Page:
Non-Conference Tests. There is a lot of garbage on the UCLA schedule, so assuming it can avoid the 2013-14 equivalent of losing to Cal Poly, Cal State Fullerton or Montana, there are maybe three non-conference games and an uninspiring Las Vegas Thanksgiving tournament to pay attention to. That Las Vegas Invitational will feature games against Nevada and Northwestern, the latter the toughest of two manageable tests. Then there’s a trip to Missouri in early December against a Tigers’ team that is expected to be a bit down from last year, and a visit from a struggling Alabama program in late December. But the crown jewel of the UCLA non-conference schedule is a mid-December trip to New York to face Duke in prime time at Madison Square Garden. Feel free to skip the rest of the UCLA non-conference slate and just jump to that.
Toughest Conference Stretch. Let’s reach and highlight the entirety of the January schedule. First, the Bruins get a visit from cross-town rival USC, a team that is going to be geeked beyond belief to get a crack at UCLA and show that they’re making a push to be kings of LA. The next week, the Arizona schools come to town for arguably the toughest one-two punch in the conference. Then, a trip to the Rockies for battles at Colorado and Utah before heading back home to host the other contender for the toughest one-two punch: Stanford and Cal. Finally, to wrap up the month, the Bruins head up north to face Oregon. There’s six very serious postseason contenders in an eight-game stretch right there.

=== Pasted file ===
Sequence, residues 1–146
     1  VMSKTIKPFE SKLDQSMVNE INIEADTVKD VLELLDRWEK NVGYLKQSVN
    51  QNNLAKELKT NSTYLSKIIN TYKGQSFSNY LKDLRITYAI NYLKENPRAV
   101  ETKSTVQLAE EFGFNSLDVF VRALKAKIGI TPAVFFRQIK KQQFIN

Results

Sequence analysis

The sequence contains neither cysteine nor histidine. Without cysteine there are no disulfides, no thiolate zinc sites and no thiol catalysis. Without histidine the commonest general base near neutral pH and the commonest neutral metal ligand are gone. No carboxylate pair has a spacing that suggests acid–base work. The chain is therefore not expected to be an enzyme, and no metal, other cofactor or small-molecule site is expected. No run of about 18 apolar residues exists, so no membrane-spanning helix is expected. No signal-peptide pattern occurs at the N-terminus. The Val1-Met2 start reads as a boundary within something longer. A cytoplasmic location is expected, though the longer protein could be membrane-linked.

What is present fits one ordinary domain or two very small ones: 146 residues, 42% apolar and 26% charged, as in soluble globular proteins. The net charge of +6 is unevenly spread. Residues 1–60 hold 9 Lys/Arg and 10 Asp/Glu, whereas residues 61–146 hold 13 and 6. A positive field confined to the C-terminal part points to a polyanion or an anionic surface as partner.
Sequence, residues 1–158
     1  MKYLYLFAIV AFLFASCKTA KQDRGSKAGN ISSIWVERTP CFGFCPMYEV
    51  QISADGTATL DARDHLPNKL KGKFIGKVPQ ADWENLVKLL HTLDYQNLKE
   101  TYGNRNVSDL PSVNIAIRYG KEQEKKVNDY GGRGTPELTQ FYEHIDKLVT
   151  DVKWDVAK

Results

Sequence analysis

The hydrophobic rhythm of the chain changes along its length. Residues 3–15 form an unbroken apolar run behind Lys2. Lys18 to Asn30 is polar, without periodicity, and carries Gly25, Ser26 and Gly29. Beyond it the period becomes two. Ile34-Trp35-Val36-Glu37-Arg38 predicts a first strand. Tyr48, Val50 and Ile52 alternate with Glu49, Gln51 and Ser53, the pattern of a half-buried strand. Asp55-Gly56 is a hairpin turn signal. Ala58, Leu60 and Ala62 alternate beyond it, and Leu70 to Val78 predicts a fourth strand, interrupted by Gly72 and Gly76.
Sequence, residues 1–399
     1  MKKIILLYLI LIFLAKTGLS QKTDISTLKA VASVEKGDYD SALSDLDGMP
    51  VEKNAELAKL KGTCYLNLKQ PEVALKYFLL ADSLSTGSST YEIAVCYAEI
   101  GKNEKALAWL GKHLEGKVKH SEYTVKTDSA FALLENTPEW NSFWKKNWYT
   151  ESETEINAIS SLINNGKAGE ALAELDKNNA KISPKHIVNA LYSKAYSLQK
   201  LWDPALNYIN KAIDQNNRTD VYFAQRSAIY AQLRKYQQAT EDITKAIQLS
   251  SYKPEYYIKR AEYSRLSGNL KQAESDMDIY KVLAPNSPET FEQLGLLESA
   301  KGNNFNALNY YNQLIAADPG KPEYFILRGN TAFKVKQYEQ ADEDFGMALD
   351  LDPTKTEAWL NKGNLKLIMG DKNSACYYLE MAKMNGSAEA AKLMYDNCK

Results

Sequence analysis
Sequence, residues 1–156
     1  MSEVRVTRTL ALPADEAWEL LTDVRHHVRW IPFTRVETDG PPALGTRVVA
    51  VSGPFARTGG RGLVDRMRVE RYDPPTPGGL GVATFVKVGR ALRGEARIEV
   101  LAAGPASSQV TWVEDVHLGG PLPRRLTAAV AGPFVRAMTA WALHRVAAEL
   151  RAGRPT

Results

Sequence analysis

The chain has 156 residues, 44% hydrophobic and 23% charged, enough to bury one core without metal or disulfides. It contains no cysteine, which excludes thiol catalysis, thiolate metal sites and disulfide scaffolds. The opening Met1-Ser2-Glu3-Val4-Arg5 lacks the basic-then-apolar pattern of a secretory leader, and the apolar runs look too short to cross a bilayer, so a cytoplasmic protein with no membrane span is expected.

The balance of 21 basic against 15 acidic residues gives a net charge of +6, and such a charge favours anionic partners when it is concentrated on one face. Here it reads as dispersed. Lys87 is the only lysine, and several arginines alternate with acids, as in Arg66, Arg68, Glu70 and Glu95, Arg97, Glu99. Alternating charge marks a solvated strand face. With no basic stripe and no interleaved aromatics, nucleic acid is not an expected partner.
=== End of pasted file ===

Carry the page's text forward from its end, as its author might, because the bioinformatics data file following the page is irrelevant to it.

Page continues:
If Everything Goes Right… The Bruins are fun to watch. Anderson is revelatory at the point. Adams picks up where he left off last season. Parker is ready to contribute 20 solid minutes a night. The freshman duo of Zach LaVine and Bryce Alford provide offensive punch from the bench. The team clearly has a ton of fun playing for a new coach who has their back and the Bruins are still alive for a share of the conference title when they go to the Washington schools on the final week of the regular season. Alford finally gets back to a Sweet Sixteen for the first time since Southwest Missouri State, and along the way, some of Alford’s doubters start to get back on the bandwagon.